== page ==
Months after Travis Gayles left his post as Montgomery County’s health officer, county officials are still interviewing potential replacements.
James Bridgers, who was deputy health officer under Gayles, has served as acting health officer for the county since September. But Bridgers has said he does not hold the necessary medical certifications to hold the position long-term.
Maryland law requires that if the health officer in Montgomery County is not a physician, then the deputy health officer must be one. That means that they must have a Doctor of Medicine (M.D.) or Doctor of Osteopathic Medicine (D.O.) degree. Bridgers has neither, and the deputy health officer position has been vacant while he has served as acting health officer.
Gayles’ salary was $229,000 when he resigned. Bridgers currently earns a salary of $179,807. Mary Anderson, a spokesperson for the Department of Health and Human Services, said the county is offering up to $250,000 when recruiting for the new health officer.
Any potential health officer needs to be picked by the county executive, and confirmed by the County Council, then sent to the secretary of the state Department of Health and Mental Hygiene for the appointment, per county and state law.
Montgomery County’s health officer also serves as a deputy state health officer.
County Council members have asked during recent meetings when a permanent health officer would be hired.
During a weekly news briefing on Wednesday, Raymond Crowel, director of the county’s Department of Health and Human Services, told reporters that health officials are still interviewing a group of potential candidates for the position.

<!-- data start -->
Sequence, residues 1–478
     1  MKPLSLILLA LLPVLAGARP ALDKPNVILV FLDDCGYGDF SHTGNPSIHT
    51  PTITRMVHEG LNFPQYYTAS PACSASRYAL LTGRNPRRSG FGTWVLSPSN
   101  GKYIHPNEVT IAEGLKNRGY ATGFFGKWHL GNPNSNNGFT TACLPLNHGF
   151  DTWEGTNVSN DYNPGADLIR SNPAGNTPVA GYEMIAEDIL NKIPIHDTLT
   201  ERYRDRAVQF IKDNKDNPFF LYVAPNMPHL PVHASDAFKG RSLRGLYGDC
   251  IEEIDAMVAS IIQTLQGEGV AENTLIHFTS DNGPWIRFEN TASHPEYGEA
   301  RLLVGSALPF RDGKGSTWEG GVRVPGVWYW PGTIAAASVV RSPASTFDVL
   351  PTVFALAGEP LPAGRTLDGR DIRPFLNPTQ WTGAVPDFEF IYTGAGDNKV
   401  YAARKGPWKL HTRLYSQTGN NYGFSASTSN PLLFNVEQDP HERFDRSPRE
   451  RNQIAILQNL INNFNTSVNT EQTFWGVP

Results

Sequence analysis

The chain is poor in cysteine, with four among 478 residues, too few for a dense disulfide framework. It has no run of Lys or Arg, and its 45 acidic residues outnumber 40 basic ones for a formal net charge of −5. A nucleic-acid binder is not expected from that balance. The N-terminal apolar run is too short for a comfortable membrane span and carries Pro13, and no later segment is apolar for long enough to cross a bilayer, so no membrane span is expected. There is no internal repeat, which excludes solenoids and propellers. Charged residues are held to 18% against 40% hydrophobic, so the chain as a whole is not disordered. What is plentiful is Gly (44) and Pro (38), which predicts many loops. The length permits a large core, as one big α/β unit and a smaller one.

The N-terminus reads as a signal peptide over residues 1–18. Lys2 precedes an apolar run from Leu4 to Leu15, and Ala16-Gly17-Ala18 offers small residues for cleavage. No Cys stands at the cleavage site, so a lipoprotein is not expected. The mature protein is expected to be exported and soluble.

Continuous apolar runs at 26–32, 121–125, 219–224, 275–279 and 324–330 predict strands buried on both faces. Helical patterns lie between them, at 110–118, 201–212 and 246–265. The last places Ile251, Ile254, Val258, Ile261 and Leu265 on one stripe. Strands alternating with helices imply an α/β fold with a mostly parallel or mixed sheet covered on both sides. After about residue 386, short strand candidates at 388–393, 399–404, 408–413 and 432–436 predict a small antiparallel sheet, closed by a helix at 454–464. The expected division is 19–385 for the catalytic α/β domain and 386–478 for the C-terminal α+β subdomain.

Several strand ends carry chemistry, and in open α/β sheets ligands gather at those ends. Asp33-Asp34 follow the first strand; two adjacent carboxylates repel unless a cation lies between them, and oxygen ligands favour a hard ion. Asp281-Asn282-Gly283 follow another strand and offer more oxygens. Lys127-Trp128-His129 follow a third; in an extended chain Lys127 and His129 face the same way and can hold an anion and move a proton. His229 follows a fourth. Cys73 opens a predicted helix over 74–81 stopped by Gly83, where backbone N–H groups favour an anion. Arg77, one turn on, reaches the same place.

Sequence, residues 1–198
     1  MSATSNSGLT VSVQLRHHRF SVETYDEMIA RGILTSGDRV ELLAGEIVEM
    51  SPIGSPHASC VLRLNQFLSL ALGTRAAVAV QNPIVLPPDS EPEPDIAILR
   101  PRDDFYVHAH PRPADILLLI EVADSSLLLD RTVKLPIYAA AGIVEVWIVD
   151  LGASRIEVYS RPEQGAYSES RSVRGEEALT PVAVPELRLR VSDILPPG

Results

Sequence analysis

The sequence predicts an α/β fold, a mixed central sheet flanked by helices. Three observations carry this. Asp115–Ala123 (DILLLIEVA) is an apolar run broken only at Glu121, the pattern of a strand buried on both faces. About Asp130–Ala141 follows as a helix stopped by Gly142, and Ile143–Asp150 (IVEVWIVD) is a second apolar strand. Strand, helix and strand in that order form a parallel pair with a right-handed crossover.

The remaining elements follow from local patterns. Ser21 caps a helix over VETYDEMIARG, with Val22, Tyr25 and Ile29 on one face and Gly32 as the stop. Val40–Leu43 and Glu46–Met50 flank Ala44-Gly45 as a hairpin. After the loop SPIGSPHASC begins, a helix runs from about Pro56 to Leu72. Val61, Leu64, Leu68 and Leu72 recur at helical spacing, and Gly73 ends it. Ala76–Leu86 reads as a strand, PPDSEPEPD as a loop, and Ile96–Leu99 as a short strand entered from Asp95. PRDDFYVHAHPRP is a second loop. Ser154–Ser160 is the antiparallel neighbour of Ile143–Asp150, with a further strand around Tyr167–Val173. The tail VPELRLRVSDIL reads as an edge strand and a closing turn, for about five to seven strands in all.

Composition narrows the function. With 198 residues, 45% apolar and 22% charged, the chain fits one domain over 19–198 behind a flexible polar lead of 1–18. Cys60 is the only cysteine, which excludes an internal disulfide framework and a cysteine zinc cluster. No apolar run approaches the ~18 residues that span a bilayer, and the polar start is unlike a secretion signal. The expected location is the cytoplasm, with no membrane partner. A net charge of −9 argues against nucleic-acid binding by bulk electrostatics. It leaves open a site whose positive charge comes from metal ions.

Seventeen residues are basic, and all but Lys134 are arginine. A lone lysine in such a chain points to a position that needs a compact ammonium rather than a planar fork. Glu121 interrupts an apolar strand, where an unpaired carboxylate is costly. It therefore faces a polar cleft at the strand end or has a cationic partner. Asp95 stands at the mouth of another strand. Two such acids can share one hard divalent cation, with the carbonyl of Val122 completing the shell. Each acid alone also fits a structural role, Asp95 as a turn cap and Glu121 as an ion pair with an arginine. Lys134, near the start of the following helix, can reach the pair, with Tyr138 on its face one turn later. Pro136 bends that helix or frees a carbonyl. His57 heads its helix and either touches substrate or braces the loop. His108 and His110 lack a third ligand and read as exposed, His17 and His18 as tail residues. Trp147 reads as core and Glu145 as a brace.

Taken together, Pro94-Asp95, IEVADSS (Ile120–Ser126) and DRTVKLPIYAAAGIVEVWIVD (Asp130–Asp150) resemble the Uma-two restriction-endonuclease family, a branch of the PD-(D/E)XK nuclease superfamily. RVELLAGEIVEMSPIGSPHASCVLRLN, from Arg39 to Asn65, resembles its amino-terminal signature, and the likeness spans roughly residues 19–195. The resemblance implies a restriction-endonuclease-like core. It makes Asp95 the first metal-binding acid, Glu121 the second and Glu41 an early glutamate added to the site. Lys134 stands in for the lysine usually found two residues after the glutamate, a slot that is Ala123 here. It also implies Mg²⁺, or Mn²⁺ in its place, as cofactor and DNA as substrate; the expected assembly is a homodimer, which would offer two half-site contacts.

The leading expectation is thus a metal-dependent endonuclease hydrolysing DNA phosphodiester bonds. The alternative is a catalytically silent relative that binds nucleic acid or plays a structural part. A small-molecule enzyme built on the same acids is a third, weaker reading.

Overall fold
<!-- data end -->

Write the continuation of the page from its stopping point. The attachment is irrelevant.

He did not have a specific timeline, other than that officials are “closer” to deciding on finalists.
Montgomery County Executive Marc Elrich has said the county had a final candidate in mind in recent weeks, but the person withdrew their name from consideration. One factor the applicant cited was the political climate surrounding health officers, regarding the decisions they make and the guidance they provide to elected officials.
Gayles said in an interview with Bethesda Magazine in the November-December 2020 edition that he received many emails that either contained racist or homophobic comments because of decisions he made during the coronavirus pandemic. Sometimes, he would receive around 50 to 75 emails like that per day, he said.
Gayles testified during a recent hearing in Annapolis on legislation that would ban threats against hospital workers or public health officials. Offenders could face up to 90 days imprisonment and a $500 maximum fine, if the bill becomes law.
During the hearing, when reading aloud from the letters he received, Gayles said “blank” each time there was an obscenity, Maryland Matters reported. Sometimes, “blank” made up most of the words in a sentence.
Gayles resigned in September and went to work for Hazel Health, the largest telehealth provider for K-12 schools across the United States. Hazel Health is based in San Francisco.
Crowel told reporters that current health officers in other jurisdictions and other medical professionals are being interviewed for the Montgomery County position — and that the current political climate comes up in those discussions.
“The politics of COVID and the level of divisiveness that sometimes erupts around things like guidance … and mask mandates and vaccination issues that we see all across the country is impacting their decisions,” Crowel said. “They’re looking at that and they’re weighing that carefully.”
Steve Bohnel can be reached at email@example.com